Thirteen serious adverse events (7 in the medical group and 6 in the surgical group) occurred in 9 study patients (4 in the medical group, 5 in the surgical group) during the study. Of the 7 serious adverse events in the medical group, 2 were unrelated to the study or to seizures and 5 were related to seizures, including 3 cases of status epilepticus in the medical group.
Of the 6 serious adverse events in the surgery group, 3 were findings on postoperative magnetic resonance imaging suggestive of ischemic changes, but only 1 was a cerebral infarction with clinical manifestations (transient mild impairment in naming and receptive language).
Two others were postoperative complications; 1 was vomiting due to worsening of a preexisting esophageal dysmotility that required gastrostomy and the other was a communicating hydrocephalus attributed to resection-related bleeding into the subarachnoid space that resulted in placement of a ventriculoperitoneal shunt. The other serious adverse event in the surgery group was a shoulder dislocation and fracture due to a seizure during video-electroencephalography monitoring.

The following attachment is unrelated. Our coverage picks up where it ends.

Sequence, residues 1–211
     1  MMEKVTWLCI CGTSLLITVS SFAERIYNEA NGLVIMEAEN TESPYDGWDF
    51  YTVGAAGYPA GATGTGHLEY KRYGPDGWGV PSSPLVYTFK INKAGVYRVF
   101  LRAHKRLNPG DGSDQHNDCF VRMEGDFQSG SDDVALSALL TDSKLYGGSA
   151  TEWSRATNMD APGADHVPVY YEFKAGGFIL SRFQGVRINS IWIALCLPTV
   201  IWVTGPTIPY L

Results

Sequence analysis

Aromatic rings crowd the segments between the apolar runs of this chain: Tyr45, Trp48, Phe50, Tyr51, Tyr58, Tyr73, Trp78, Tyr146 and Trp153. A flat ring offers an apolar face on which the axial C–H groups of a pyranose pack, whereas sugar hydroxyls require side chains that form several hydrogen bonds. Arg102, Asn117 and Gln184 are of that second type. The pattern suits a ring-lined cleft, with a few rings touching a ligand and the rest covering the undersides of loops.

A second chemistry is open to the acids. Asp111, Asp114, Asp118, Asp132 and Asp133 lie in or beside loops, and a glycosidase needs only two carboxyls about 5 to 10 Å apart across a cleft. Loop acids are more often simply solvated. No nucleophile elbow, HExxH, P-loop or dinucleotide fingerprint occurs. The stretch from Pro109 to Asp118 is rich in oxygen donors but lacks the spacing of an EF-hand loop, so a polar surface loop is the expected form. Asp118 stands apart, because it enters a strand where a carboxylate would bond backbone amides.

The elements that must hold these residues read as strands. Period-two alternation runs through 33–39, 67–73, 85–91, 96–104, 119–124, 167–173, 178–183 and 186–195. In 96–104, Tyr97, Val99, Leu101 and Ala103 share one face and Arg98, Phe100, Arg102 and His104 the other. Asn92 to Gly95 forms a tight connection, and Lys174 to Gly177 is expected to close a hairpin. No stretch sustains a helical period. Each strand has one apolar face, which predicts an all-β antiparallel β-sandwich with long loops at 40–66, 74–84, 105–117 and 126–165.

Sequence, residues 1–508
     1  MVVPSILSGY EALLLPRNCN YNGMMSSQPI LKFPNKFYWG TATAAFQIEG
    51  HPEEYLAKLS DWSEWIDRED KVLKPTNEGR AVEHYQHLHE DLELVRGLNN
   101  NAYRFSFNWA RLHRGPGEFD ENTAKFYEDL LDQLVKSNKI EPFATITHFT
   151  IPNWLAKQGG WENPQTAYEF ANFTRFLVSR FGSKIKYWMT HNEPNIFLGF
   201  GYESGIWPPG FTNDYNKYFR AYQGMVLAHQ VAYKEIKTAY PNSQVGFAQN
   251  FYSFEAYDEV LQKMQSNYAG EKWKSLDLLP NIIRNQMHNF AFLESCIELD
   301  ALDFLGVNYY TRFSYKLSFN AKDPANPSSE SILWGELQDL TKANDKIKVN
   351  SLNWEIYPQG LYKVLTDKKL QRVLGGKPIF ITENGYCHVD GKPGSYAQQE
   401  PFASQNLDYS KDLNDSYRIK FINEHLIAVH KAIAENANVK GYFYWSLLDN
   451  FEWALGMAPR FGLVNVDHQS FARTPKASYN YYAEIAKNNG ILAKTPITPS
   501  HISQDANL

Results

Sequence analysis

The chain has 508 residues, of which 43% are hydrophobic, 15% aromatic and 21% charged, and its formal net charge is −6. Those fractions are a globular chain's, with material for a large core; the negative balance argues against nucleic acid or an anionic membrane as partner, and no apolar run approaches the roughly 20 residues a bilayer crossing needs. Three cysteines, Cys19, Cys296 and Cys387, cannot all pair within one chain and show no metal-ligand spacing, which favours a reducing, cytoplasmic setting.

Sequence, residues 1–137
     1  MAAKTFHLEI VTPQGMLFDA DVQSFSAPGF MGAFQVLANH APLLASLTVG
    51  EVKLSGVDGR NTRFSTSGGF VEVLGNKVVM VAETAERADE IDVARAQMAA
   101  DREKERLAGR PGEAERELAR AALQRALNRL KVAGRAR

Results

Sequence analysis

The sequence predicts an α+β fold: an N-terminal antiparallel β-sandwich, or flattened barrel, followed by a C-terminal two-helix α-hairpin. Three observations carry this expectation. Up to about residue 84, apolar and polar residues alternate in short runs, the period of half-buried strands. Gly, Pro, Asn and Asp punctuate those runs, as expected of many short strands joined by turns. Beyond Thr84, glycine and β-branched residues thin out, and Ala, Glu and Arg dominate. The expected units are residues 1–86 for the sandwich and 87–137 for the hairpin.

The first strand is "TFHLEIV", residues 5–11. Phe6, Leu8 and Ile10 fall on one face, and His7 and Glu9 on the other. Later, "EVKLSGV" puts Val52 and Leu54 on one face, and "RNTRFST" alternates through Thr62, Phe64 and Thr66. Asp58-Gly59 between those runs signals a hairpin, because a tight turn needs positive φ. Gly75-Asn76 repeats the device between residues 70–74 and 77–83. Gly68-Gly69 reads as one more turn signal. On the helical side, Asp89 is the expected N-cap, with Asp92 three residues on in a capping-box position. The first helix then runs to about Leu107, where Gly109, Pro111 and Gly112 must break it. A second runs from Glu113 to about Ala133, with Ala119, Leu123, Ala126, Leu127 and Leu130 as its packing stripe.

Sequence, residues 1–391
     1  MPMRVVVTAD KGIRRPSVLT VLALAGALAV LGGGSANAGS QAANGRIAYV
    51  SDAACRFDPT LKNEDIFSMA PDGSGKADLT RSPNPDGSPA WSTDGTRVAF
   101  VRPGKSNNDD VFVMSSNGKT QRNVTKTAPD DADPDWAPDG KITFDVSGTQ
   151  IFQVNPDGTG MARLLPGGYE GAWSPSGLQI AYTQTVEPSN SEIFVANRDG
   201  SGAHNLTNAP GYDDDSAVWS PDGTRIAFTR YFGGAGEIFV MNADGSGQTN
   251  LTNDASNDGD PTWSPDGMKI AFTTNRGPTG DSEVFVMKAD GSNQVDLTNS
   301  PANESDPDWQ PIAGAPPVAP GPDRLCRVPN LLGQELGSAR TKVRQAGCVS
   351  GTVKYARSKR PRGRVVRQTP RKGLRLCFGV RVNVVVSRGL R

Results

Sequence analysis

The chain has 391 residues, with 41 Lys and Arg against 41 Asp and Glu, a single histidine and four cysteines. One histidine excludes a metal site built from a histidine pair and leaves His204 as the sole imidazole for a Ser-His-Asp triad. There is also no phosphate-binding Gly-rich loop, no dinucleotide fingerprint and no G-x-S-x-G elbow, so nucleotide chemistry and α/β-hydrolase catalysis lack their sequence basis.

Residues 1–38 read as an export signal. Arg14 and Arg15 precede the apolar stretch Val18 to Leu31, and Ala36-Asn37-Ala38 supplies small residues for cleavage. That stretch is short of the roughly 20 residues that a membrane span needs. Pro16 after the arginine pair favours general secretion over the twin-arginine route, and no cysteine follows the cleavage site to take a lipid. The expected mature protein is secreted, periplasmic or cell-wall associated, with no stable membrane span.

John Duncan, MA, DM, FRCP, FMedSci, professor of neurology, University College London, United Kingdom, who was not involved in the study, agrees with the conclusions put forward by the researchers. “This paper confirms the utility of anterior temporal lobe resection early in the course of temporal lobe epilepsy that is not controlled with AEDs.”
“All too often,” he told Medscape Medical News, “individuals are only referred for epilepsy surgery when they have endured epilepsy for 2 decades. This study had the opportunity to make definitive statements and it is very regrettable that it was closed prematurely by the funding agency.”
The study was supported by the National Institutes of Health. Dr. Engel has disclosed receiving consultancy fees from Medtronic, Valeant, Acorda, the US Food and Drug Administration, and Best Doctors; fees to his institution for expert testimony; lecture/speakers bureau fees from Esai, Johnson & Johnson, Novartis, and Lippincott; royalties from Wolters Kluwer, Wiley Blackwell, Elsevier, and MedLink; and fees for travel accommodations/meeting expenses from UCB Pharma. A complete list of disclosures for study and commentary authors are listed with the original article. Dr. Duncan has been consulted by and received fees to his institution for lectures from Eisai, GE Healthcare, Pfizer, GlaxoSmithKline, sanofi-aventis, and UCB, as well as departmental and grant support from Medtronic, Cyberonics, and VSM MedTech.
JAMA. 2012;307:922-930, 966-968. By Megan Brooks